Sussan Deyhim, Madman Of God

Chris Nickson

By Chris Nickson

on 04.22.11 in Reviews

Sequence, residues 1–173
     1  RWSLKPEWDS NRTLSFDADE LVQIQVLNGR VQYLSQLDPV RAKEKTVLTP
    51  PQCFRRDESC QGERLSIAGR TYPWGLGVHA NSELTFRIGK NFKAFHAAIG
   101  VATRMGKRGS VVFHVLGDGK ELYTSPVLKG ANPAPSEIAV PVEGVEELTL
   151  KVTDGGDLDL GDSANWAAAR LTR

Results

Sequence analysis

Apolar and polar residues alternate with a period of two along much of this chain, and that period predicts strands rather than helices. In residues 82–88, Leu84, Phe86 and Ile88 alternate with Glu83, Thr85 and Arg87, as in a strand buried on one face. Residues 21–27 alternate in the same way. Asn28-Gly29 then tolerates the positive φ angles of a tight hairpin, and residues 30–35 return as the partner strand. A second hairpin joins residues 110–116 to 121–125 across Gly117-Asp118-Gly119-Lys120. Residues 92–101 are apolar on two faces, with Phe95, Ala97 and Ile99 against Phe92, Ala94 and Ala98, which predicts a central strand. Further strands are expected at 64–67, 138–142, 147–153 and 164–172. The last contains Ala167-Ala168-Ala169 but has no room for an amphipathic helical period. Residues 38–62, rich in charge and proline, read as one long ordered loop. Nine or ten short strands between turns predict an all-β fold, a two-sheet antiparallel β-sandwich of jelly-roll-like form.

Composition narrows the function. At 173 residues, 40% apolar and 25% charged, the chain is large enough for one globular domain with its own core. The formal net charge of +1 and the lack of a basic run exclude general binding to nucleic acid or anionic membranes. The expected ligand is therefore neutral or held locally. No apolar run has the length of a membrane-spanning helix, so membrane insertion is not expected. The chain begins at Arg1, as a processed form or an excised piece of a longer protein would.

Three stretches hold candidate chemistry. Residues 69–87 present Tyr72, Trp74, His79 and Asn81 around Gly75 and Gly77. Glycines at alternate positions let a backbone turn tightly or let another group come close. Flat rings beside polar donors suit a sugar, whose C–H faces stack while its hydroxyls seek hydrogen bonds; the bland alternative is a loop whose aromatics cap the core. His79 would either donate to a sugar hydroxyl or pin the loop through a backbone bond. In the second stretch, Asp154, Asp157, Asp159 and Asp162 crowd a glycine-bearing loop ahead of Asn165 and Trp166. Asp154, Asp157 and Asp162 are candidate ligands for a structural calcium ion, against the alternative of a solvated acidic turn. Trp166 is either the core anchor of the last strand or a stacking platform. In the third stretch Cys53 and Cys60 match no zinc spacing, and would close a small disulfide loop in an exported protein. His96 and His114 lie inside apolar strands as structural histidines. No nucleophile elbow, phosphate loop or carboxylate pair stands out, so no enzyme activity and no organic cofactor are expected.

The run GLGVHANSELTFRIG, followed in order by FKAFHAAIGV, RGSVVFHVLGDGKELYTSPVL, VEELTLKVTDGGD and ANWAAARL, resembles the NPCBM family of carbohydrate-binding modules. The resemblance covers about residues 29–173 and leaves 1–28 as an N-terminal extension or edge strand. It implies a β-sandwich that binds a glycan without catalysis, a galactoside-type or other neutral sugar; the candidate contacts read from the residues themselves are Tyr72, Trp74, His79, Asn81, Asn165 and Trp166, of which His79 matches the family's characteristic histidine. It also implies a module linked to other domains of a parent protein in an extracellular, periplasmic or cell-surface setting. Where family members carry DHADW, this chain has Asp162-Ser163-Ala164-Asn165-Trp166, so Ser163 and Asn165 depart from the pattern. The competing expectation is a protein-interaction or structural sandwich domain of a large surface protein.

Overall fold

When you hear Sussan Deyhim sing, it's easy to understand that she was originally a ballet dancer. There's a languorous, seductive grace about her voice; it flows like honey into the ears. This album of Sufi poetry reconnects the Iranian-born (but long-time New York resident) vocalist with her native culture, putting romantic and sacred texts through her personal blender. The result is lushly atmospheric, as the (studio-treated) acoustic instruments behind her lay deep, subtle grooves, as on "The Candle & the Moth," where bass and percussion establish a ground for layers of voice, with tendrils of oud peering through spicily. It's an album bursting with artistic imagination, and even if you can't understand a word the whole is captivating. "Meykhaneh," with its loops and samples, transforms from song into a journey into the mind, as disorienting and enthralling as anything Björk's produced, while tracks like "Bade Saba" bristle with a tense, dangerous beauty, adventurous and avant-garde without ever seeming awkward or self-conscious. It's Deyhim's most complete and satisfying work to date, making modern art out of the past. The words might indeed belong to the madmen of God, but the divine inspiration has passed to Deyhim here.